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2 Answers

Hello Again!

I am trying to decide on the best weather barrier to use on my house, and would like to hear some opinions on liquid applied WRBs. I am looking at Henry Air-Bloc, for example. I am inclined to think that a liquid applied weather barrier would be more effective than a housewrap like Tyvek, but can't seem to find confirmation one way or the other.

I am hoping to use this external layer as my primary air barrier, so it is critical that it be as effective as possible.

In Green products and materials | Asked By Stephen Youngquist | Jul 22 14
3 Answers

I'm evaluating blown cellulose vs. blown fiberglass (Knauf Ecofill). The Oak Ridge study is often quoted regarding the drop in R-value of blown fiberglass when the temperature differential is high. However the tested fiberglass density (.4 - 5 lb/ft^3) is much lower than the newer fiberglass.

In Energy efficiency and durability | Asked By Neil Weinstock | Jul 21 14
3 Answers

I'm in the planning stages of a remodel and need to make a decision about cooling.

In Energy efficiency and durability | Asked By Eric West | Jul 21 14
1 Answer

Starting a new build (1 1/2 basement walkout), all 2x6 exterior walls w/ brick veneer in GA, CZ 3. Above grade, would like to do spray foam in 2x6 walls, 1/2" or 1" of rigid foam board on the exterior, and a 1" air gap. Will this require a housewrap or can I do without the rigid foam and go with a housewrap? Also, any recommendations about insulation strategies for the finished basement. Thanks!

In General questions | Asked By David Myles | Jul 22 14
8 Answers

Spa covers are very expensive, and very short lived, because they are made of vinyl that tears and expanded polystyrene that absorbs water. Does anyone have any with experience or thoughts on building a spa cover? I was thinking marine plywood and EPS.

In General questions | Asked By william goodwin | Jul 21 14
11 Answers

I have a simple question about EPS that I'm sure one of you can answer for me. Outside of buildings I encounter EPS in two places where it seems to act in very different ways. I see foam anchor buoys and fish floats off our coast and washed up on the beach that seem to maintain their buoyancy and lightness or years. But those of you with hot tubs will have noticed that the foam inserts gain weight over time and within a couple of years the initially light cover can easily triple its weight.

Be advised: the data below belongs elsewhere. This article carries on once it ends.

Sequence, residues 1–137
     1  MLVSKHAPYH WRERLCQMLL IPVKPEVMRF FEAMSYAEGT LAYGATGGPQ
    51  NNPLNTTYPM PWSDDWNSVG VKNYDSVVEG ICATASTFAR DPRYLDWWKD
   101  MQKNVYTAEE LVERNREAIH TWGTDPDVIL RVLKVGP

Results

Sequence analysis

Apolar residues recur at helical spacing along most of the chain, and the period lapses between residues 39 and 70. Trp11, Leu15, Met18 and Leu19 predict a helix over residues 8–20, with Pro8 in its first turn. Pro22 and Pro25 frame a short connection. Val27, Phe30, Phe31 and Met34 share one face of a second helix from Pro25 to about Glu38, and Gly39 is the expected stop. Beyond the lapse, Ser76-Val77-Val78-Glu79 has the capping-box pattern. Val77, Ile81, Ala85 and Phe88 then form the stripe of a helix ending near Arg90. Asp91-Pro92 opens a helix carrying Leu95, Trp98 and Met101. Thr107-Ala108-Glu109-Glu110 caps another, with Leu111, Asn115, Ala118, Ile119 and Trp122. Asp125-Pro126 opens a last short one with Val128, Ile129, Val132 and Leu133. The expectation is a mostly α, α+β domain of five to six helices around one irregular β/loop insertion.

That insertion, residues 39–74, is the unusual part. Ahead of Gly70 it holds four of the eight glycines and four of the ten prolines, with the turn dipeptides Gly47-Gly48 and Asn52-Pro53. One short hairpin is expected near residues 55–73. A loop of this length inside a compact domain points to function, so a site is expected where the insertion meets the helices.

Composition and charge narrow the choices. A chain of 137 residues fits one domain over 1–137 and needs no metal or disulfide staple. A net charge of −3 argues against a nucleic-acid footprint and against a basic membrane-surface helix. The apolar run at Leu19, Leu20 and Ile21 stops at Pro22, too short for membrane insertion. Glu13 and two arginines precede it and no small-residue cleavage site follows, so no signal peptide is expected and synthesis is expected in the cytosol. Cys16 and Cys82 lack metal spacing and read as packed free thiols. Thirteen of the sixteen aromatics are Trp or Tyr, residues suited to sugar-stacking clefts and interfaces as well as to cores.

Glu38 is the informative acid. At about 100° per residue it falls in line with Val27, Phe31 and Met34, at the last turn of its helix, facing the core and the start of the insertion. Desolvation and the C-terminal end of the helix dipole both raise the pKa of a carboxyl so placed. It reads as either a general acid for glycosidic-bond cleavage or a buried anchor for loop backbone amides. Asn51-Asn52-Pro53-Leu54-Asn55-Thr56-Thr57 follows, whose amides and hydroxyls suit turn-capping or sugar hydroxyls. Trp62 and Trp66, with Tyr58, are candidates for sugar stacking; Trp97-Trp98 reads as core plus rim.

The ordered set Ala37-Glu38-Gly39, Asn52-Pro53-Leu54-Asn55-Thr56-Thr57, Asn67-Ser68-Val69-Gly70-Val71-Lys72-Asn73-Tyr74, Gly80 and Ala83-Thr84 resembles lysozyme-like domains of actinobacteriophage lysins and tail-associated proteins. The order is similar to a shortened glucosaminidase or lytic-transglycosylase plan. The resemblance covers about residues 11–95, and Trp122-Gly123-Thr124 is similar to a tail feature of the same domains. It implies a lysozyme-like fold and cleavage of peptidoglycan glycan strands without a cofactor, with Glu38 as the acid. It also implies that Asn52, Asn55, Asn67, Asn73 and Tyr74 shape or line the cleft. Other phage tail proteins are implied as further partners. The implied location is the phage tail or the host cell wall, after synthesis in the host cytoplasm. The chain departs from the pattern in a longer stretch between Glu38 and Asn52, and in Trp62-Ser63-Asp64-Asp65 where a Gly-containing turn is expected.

In General questions | Asked By Malcolm Taylor | Jul 10 14
14 Answers

Hello,

I'm looking to pour a basement slab as follows:

6" washed 3/4" stone- compacted
2" XPS
vapor barrier

Next I'd like to tie the PEX to mesh and pour. That's the problem. Masons hate this, PEX can get cut when control joints are cut. Chairs holding up the mesh just get crushed or are a trip hazard.

If the PEX is attached to the foam, not thinking you can put the vapor barrier over the foam / PEX, plus the PEX is under 4" of concrete, and I understand it should be within the 4" of concrete.

Seems this very point is a sticking point in the overall theory.

In Green building techniques | Asked By Ted White | Feb 23 14
13 Answers

I have a 2300 square foot colonial, built 1960 in Zone 5A, and I'm looking to replace the boiler with a direct-vent mod/con boiler, with indirect hot water. Goals would be increased efficiency (which isn't just about saving money), reliability, low maintenance, and retiring the current chimney flue.

In Mechanicals | Asked By Daniel Griscom | Jul 19 14
1 Answer

Hi

I run the Twike on my farm and charge it for a couple of hours. My farmhouse is medium big with 4 kw solar panels installed atop roofs. With the roofs facing towards south, the energy production is prolific when there's much sun, I must say. I also have a 1 kw immersion tank that runs on solar power. Recently I came across this switching device called solarimmersion. Has anyone installed it? How can the power management get efficient with this? Any ideas?

In Green products and materials | Asked By kiel bolt | Jul 21 14
5 Answers

You've seen my posts elsewhere on this forum: I'm shopping for a new gas FHW furnace with indirect domestic for my 2200 square foot Massachusetts colonial. I want a good, efficient, direct vent furnace. My gas use suggests that I don't need more than 28kBTU/hour on the coldest winter days, so my current 95kBTU/hour output boiler is three times what I need. Almost everything I've read here and elsewhere agrees with this.

In Mechanicals | Asked By Daniel Griscom | Jul 20 14
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